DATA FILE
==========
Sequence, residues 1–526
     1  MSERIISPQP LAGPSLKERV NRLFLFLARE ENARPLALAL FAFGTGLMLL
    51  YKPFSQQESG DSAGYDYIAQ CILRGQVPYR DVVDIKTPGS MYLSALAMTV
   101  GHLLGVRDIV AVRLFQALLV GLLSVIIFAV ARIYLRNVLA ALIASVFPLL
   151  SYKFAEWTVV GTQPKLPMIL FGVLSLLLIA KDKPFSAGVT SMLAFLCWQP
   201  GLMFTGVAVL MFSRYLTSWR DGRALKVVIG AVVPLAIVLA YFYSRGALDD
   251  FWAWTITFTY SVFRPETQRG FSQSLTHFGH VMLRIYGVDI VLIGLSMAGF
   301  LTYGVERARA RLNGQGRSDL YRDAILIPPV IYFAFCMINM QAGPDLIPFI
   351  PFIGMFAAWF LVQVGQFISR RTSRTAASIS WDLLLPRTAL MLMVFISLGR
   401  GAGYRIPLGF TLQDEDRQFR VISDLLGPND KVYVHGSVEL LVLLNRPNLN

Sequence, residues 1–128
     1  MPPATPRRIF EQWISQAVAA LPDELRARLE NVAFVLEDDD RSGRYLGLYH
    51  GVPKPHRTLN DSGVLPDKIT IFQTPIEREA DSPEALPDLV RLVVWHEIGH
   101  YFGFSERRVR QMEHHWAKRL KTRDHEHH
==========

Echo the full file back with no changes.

Sequence, residues 1–526
     1  MSERIISPQP LAGPSLKERV NRLFLFLARE ENARPLALAL FAFGTGLMLL
    51  YKPFSQQESG DSAGYDYIAQ CILRGQVPYR DVVDIKTPGS MYLSALAMTV
   101  GHLLGVRDIV AVRLFQALLV GLLSVIIFAV ARIYLRNVLA ALIASVFPLL
   151  SYKFAEWTVV GTQPKLPMIL FGVLSLLLIA KDKPFSAGVT SMLAFLCWQP
   201  GLMFTGVAVL MFSRYLTSWR DGRALKVVIG AVVPLAIVLA YFYSRGALDD
   251  FWAWTITFTY SVFRPETQRG FSQSLTHFGH VMLRIYGVDI VLIGLSMAGF
   301  LTYGVERARA RLNGQGRSDL YRDAILIPPV IYFAFCMINM QAGPDLIPFI
   351  PFIGMFAAWF LVQVGQFISR RTSRTAASIS WDLLLPRTAL MLMVFISLGR
   401  GAGYRIPLGF TLQDEDRQFR VISDLLGPND KVYVHGSVEL LVLLNRPNLN

Sequence, residues 1–128
     1  MPPATPRRIF EQWISQAVAA LPDELRARLE NVAFVLEDDD RSGRYLGLYH
    51  GVPKPHRTLN DSGVLPDKIT IFQTPIEREA DSPEALPDLV RLVVWHEIGH
   101  YFGFSERRVR QMEHHWAKRL KTRDHEHH